Five years ago, I purchased three packages of seeds from the Parks catalog. I added two packages of seeds in the following years. The result is a garden filled with coneflowers – purple coneflower (Echinacea purpurea), but also white and yellow. I have three different shades of purple, the classic “Purpurea”, “Cherry Brandy” and one that came with a mixed package of seeds that loves it and continues to reseed.
Coneflower loves the hot, dry weather here in south central Virginia. As a native perennial plant, it thrives in the local conditions. The butterflies love it, so it adds to my butterfly gardens. The birds also love to perch on the tall, rocket-shaped spires and nibble at the seeds. Goldfinches seem particularly fond of it.
I originally planted a border of coneflower around the island bed in the center of the lawn, but the coneflower had other ideas. Over the years, it has reseeded abundantly, producing many plants that have filled the bed with flowers. I think coneflower is one of the easiest plants to grow, and with just a little care and luck, you can fill a flower garden with their cheerful blossoms.
How to Grow Coneflower
Coneflower is easy to start from seed. I start my coneflower indoors, under the plant lights, approximately six to eight weeks before the last frost date. Use a sterile seed starting mixture and a dome to maintain humidity. Once the plants have several sets of leaves, they can be moved outdoors.
Coneflower prefer a light, loamy soil, but will do just fine in clay if given time to extend their deep tap roots into the earth. They prefer full sun but will also tolerate partial shade. Their native habitat is prairies and meadows; if you can recreate that type of atmosphere for your coneflowers, they’ll reward you with abundant blooms.
Coneflower doesn’t need to be divided like other perennials. You can translate the volunteers, or self-seeded plants, if they grow in areas where you don’t want them. Try to do this early in the spring and water the plants well after transplanting. Their deep tap root doesn’t like to be disturbed and may need several weeks or months to recover from transplanting.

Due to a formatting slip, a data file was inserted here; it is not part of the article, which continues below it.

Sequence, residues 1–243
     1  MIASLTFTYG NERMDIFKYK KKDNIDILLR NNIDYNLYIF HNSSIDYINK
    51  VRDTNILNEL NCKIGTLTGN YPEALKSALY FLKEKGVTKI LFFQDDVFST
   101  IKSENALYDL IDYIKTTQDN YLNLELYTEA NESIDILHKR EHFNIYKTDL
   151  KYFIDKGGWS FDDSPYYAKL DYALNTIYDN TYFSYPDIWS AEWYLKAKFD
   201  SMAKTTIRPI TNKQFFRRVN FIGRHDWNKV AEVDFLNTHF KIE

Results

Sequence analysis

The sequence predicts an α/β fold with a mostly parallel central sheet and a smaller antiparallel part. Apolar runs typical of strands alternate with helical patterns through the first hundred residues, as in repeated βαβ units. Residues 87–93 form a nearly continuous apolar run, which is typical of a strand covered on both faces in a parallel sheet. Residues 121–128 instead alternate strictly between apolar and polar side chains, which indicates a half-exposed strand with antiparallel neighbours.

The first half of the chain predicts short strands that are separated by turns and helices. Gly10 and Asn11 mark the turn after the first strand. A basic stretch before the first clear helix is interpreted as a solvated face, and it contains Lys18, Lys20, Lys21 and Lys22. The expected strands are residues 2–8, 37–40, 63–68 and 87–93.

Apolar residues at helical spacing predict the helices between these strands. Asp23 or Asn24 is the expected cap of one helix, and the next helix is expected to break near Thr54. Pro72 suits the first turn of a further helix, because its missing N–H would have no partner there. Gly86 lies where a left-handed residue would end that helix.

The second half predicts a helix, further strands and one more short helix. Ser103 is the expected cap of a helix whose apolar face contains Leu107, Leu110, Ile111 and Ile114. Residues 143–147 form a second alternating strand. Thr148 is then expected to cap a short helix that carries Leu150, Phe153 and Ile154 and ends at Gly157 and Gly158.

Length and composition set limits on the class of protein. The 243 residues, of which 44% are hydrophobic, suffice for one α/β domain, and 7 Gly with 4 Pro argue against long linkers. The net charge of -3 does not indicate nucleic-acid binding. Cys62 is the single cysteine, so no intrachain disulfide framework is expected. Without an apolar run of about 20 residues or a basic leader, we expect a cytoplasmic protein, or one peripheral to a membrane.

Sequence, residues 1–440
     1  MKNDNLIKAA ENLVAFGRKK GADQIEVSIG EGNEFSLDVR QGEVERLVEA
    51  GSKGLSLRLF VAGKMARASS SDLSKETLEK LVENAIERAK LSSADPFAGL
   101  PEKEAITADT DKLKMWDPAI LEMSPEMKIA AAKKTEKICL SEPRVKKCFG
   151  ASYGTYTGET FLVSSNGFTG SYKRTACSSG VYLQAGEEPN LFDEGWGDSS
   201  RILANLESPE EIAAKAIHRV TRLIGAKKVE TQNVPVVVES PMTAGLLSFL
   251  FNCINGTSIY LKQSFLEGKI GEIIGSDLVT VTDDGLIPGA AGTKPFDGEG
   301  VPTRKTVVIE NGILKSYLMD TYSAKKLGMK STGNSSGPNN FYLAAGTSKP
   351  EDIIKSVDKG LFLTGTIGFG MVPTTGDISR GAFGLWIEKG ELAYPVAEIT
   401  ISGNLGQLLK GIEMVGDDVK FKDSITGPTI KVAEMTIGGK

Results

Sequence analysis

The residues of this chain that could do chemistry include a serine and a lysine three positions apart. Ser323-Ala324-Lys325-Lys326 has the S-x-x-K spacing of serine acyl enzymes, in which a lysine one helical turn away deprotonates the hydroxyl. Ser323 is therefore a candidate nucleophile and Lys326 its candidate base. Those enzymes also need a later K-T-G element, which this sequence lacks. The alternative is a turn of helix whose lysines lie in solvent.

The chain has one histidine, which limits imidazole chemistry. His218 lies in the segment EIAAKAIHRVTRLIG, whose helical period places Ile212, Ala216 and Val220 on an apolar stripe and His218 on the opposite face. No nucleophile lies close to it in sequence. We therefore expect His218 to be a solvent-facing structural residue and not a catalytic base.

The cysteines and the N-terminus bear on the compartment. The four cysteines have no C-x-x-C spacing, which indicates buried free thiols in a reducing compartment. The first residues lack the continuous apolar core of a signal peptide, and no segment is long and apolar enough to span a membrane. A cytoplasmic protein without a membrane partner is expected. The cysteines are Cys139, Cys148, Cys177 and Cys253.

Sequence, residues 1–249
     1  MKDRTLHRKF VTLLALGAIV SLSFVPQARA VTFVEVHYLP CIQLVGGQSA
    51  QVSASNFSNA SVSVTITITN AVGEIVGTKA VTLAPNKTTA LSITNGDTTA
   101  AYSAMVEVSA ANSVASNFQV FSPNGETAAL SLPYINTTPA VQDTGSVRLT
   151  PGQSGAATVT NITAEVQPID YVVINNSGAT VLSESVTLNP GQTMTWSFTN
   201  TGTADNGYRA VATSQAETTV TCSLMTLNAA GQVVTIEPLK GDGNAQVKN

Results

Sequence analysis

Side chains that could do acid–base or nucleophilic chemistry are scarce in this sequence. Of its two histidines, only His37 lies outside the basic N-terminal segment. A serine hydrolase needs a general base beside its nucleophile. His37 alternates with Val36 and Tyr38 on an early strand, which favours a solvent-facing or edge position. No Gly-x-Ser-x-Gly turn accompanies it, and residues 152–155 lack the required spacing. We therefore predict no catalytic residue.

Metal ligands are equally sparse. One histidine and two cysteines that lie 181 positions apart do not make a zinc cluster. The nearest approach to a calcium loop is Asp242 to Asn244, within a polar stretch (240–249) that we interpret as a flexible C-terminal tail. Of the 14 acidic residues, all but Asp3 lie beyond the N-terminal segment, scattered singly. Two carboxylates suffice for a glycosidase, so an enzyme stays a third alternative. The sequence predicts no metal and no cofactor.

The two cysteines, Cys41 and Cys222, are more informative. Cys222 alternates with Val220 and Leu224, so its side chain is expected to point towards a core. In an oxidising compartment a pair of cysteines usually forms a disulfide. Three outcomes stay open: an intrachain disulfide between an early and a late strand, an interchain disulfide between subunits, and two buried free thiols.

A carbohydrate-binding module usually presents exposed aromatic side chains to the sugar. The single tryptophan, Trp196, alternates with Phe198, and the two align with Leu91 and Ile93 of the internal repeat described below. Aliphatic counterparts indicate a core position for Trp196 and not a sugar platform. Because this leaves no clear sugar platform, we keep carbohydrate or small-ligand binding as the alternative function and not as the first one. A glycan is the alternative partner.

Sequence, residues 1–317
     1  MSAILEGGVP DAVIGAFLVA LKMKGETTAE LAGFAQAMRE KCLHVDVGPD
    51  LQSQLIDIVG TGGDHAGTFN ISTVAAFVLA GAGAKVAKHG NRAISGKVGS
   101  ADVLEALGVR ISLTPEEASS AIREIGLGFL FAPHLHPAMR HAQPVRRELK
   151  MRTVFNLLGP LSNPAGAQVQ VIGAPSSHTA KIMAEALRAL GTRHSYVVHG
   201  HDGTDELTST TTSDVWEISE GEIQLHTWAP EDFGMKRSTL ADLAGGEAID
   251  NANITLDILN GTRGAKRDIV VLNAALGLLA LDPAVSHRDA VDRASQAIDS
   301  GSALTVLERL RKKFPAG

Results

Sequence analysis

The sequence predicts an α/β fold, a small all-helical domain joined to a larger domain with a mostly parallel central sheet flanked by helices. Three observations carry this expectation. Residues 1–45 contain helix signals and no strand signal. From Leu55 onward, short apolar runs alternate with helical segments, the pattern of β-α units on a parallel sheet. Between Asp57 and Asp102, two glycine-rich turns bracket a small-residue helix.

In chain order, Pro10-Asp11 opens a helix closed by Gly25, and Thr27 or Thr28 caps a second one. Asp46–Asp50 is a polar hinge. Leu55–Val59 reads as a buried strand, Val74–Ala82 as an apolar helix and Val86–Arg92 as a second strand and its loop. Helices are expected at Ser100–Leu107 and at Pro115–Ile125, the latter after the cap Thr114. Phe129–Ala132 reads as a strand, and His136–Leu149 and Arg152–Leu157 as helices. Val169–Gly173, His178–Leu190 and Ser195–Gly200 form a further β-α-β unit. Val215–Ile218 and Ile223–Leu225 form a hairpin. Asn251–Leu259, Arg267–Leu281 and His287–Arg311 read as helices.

You can use Echinacea as a cut flower, a border plant, a cottage garden flower or as part of a butterfly garden flower. Seeds can be collected in the fall or after the seed head dries out. If you do collect and store seeds, store them in envelopes or paper sacks, nice and dry, in a dark, cool location.
As you can see from my pictures here, in just a few short years, a little invested into the purchase of good quality seeds can yield a beautiful garden. Give coneflowers enough light, water and time, and you’ll look like you have a green thumb even if you kill plastic plants.
Coneflowers: A Few Facts about Echineacea or Purple Coneflowers
- Coneflowers are native to the prairies of the United States and Canada
- They grow well in garden zones 5 to 8
- “Magnus” is one type of coneflower that is hardy to zone 3 (northern Maine/Canada)
- They attract birds (who eat their seeds) and butterflies (who love their nectar).
- Needs full sun to partial sun.
- Can be planted in a wide range of soil types including clay, clay loam
- Heat tolerant
- Drought tolerant
- Bothered by very few pests.
Gallery of Purple Coneflower Pictures
Click on any photo to see a close up. All pictures taken by Jeanne Grunert and were photographed in my garden.
Jeanne Grunert is a certified Virginia Master Gardener and the author of several gardening books. Her garden articles, photographs, and interviews have been featured in The Herb Companion, Virginia Gardener, and Cultivate, the magazine of the National Farm Bureau. She is the founder of The Christian Herbalists group and a popular local lecturer on culinary herbs and herbs for health, raised bed gardening, and horticulture therapy.